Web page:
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Cape Town conservation group hand-rears penguins and releases them into refuge.
BETTY'S BAY, South Africa — When four pickup trucks packed with boxes full of chubby African Penguins arrived at Stoney Point, the welcome was less than tremendous.
Hundreds of mature penguins in the existing colony lay out in the morning sun, oblivious to the 63 birds — adults first, then juveniles — who waddled out onto the sand and into the Indian Ocean. A handful of volunteers and onlookers showed up to watch the release.
The release of the penguins by the volunteers is part of the effort to boost South Africa's endangered African Penguin population, said Venessa Strauss, CEO of the Southern African Foundation for the Conservation of Coastal Birds (SANCCOB).
Cape Town's most famous penguin colony is at Boulders Beach which has a network of boardwalks and viewing points to protect the birds from humans and vice versa. Boulders drew some 88,000 visitors last year, says the National Parks service. Sometimes a few penguins will swim out to people at the next beach, or take a nip at a stray finger. The casual visitor would think that the penguins are thriving.
In fact the penguins are sometimes seen as a nuisance to people who live in neighborhoods near the few land-based colonies. More penguins live on nearby islands.
Despite their apparent ubiquity and undeniable cute factor, the African Penguin is in trouble. It was reclassified from a "vulnerable" to an "endangered species" in 2010.
At the turn of the last century, about 3 to 4 million African Penguins flourished along the coasts of South Africa and Namibia. By 2000, that number had dropped to 200,000 — and by 2010 the population had fallen to just 55,000. As the penguins don't fly, the estimates are considered to be highly accurate. Unless the decline can be halted, African Penguins are expected to be extinct in 15 years.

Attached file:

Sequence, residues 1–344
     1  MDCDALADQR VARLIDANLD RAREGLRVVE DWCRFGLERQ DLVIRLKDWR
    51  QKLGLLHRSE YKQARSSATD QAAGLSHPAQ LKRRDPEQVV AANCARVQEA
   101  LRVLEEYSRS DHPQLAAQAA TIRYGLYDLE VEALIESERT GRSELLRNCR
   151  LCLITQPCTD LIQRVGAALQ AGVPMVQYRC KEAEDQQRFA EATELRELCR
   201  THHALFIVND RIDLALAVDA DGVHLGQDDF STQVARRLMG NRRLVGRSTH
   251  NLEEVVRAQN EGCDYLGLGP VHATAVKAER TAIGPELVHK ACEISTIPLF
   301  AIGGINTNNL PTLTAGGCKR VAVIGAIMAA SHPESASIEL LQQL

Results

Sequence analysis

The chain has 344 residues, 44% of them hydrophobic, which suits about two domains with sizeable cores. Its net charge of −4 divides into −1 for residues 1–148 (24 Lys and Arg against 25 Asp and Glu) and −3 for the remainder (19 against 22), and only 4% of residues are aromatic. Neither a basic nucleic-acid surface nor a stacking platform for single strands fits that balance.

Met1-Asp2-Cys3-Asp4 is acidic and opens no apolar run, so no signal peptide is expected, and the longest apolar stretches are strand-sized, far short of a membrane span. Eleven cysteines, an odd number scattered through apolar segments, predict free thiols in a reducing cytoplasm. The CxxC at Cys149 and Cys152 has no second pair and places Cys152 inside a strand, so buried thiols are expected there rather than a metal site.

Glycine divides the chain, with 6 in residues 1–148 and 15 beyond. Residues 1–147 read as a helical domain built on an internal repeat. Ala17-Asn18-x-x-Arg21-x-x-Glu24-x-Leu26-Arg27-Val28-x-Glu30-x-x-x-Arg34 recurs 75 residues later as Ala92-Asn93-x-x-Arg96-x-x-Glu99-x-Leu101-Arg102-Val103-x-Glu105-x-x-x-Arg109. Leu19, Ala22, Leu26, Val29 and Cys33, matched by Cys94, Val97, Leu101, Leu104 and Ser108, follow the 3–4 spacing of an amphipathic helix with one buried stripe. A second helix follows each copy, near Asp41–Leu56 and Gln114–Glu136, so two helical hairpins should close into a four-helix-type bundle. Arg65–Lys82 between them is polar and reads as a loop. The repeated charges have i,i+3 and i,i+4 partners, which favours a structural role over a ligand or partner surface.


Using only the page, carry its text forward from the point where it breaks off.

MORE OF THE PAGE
Like many seabirds, penguins are quite sensitive to environmental disturbances and are considered to be an indicator species — how well they are faring is a reflection of the health of the ocean overall.
Declining access to food is a major factor in the African penguins' decline. The pelagic fish — anchovies and sardines — that make up their staple diet are decreasing because they are very sensitive to the rising water temperatures linked to climate change.
Over fishing and predator seals are also increasing problems for the penguins.
Harvesting of penguin eggs and guano scraping, once busy Cape Town industries, have been banned here since the late 1960s. Until that time, collectors would take all the eggs they could find at the start of breeding season and destroy them — their customers didn't want eggs that weren't fresh — and wait for a second batch to sell. The birds would then rear the third batch, which was often laid too late in the season for survival.
No sooner were these protection measures put in place than a new threat emerged from oil tankers sailing around the Cape and leaving periodic spills in their wake. Once penguin feathers become slicked with oil, the penguins are no longer waterproof and they don't survive.
Right now, oil pollution is more of a risk than a reality. Still one bad oil spill could wipe out all the birds in the region — about half the total population, according to Strauss of the penguin conservation group.
Many baby penguins at Stoney Point were simply starving to death. The babies and some adults were collected at Stoney Point and hand-reared at the SANCCOB facility two hours away. The chicks typically had parents who were molting late in the season. Without feathers, the birds couldn’t swim, hunt or feed their babies.
Contrary to conventional thought, studies show that hand-reared chicks survive and breed as well as those who don’t. Human intervention has become increasingly significant as the penguins' overall numbers plummet.
Toward the end of last year, stakeholders from various sectors of South African society — scientists, NGOs, the fishing industry and government — came together for the first time to work on a biodiversity plan. The goals are to first stop the decline of the African Penguin and then to get the penguin population to grow by 1 percent per year. It’s a unique collaboration, but it remains to be seen if there’s the will or the time to help this species survive.
At stake is more than just the fate of the African Penguin, it is the fate of the ocean and of our entire planet, said Strauss.
“A lot of people depend on the ocean for recreation, food and employment, and we have to manage the relationships between the ocean, animals and people,” said Strauss. “We as people have a responsibility to conserve this planet because it’s the only one we have.”